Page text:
Thursday, January 31, 2008

Jam Session at The Oaks

Click for Larger Image of Jam SessionAt times, it seemed like an American Idol audition, but without a Simon-esque judge cutting off the key-challenged singer after a few garish seconds. But most of the time it was an amazing array of talented musicians doing what they love best.

The hall was already decorated for Valentines Day, with red curly metallic streamers dropping from the ceiling and paper cupids on the restroom doors. The musicians filled the stage and then overflowed into chairs the front. There were 31 of them at the jam session last night, each with their guitar, banjo, ukulele, fiddle, or keyboard -- and, in one case, even a concertina. They took turns playing the song of their choice, with the rest of the musicians playing or not as they wished.

The opener was a woman who sang "And the Band Played On," ("Casey would waltz with the strawberry blonde...") which she probably knew so well because she remembered when it was in the Top 10. Then a woman yodeler, a succession of George Strait wannabees, and a beautiful rendition of "Bewitched, Bothered and Bewildered" on guitar, all interspersed with serious fiddlers and pickers doing bluegrass classics. Canadian John played guitar and harmonica on "Bean Blossom Special" while the others did their best to make train noises on whatever instrument they had. Then an audience participation number -- we all sang the "Poor Old Charlie" line in the chorus of "(Charlie on the) MTA." You could almost see the snorting ghost herds during "Ghost Riders In the Sky," except they all skipped over the "Yippie Yi Yaay" part -- what were they thinking? Without a trace of irony, a portly redneck in a cowboy hat, his protruding stomach barely covered by a black t-shirt that declared, "Do Something With Your Life -- Get me A Beer" tearily sang a very long, emotional rendition of "One Day At A Time (Sweet Jesus)."

It has been fun staying at this "Music Lover's" campground, but tomorrow I am leaving for the Florida Keys and the Winter Star Party. I'll miss the music here, but not the tinkling of acorns falling on my roof!

Monday, January 28, 2008

Lawn Ornaments

Location: Bushnell, Florida

Click for a Larger Image of the Lawn OrnamentBird baths, quizzical garden gnomes, mirrored "gazing balls" on painted concrete pedestals, ducks with propeller wings, and wooden cutouts of the backsides of country folk gardening -- these lawn ornaments pale in comparison to the mother of all lawn ornaments, the plastic pink flamingo. And if a plastic flamingo can make it big in the Lore of the Yard, why not other big tropical birds?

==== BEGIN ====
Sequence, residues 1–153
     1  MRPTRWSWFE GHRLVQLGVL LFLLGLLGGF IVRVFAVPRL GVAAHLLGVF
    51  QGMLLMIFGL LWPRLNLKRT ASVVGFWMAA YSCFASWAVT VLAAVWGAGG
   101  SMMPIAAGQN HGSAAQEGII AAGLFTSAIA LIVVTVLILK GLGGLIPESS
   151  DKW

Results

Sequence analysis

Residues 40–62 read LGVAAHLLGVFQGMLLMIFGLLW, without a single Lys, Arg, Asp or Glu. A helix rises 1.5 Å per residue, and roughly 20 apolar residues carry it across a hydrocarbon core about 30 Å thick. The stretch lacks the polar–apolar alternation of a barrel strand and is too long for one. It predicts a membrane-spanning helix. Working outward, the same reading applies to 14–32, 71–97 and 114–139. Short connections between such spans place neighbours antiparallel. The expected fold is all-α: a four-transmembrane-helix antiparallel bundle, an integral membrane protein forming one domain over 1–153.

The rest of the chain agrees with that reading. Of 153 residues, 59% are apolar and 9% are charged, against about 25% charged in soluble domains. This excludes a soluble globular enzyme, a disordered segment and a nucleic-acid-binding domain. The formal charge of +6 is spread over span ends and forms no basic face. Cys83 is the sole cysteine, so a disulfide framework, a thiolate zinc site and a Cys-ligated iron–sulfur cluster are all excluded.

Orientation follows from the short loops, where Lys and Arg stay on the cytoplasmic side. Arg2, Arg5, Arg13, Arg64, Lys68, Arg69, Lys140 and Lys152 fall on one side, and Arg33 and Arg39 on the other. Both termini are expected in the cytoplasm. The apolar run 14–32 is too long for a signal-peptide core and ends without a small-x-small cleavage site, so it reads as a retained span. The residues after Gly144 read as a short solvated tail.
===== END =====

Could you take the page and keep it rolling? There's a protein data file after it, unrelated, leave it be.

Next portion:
Snowbird roosts and seasonal RV park lots in Florida are often decorated with objects that can be described as quaint, homey, whimsical, fanciful and kitschy. That's when I'm feeling charitable. At other times, bizarre, laughable, eccentric, outlandish or perhaps just weird come to mind. So why not have a life size Sandhill Crane, one leg raised in the air, perched in the middle of your yard?

My first thought was, "if they're going to have a plastic crane, they should at least have a couple of them." But then I understood in a flash when the lawn ornament slowly blinked at me, and then set his raised foot on the ground.

Click for A Larger Image of the Sandhill CraneIt was a majestic Sandhill Crane (Grus canadensis) who had been standing perfectly still in the middle of the lawn, oblivious to the people fixing their roof behind him and the walkers, bikers and occasional cars on the road directly in front. Eventually he moved about 5 feet and then stopped again. He didn't seem to mind me being there, and when I finally moved off he had re-stuffed one leg under his body, and was again patiently waiting for ... whatever a Sandhill Crane stands in a yard and waits for. He wasn't telling.

Friday, January 25, 2008

A needed kick...

Sometimes I just need a kick in the you-know-where to get me moving, creativity-wise. I got that kick today at the Photoshop Seminar. The seminar was Photoshop CS3 for Photographers, taught by Photoshop guru Ben Willmore. I feel all inspired now!